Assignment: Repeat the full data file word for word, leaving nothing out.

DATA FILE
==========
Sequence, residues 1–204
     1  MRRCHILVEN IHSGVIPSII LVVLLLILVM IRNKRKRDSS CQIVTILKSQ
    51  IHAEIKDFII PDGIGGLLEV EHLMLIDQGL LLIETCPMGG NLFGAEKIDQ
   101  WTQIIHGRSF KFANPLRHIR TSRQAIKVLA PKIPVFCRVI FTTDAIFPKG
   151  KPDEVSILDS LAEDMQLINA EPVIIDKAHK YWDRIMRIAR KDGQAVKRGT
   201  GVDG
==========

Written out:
Sequence, residues 1–204
     1  MRRCHILVEN IHSGVIPSII LVVLLLILVM IRNKRKRDSS CQIVTILKSQ
    51  IHAEIKDFII PDGIGGLLEV EHLMLIDQGL LLIETCPMGG NLFGAEKIDQ
   101  WTQIIHGRSF KFANPLRHIR TSRQAIKVLA PKIPVFCRVI FTTDAIFPKG
   151  KPDEVSILDS LAEDMQLINA EPVIIDKAHK YWDRIMRIAR KDGQAVKRGT
   201  GVDG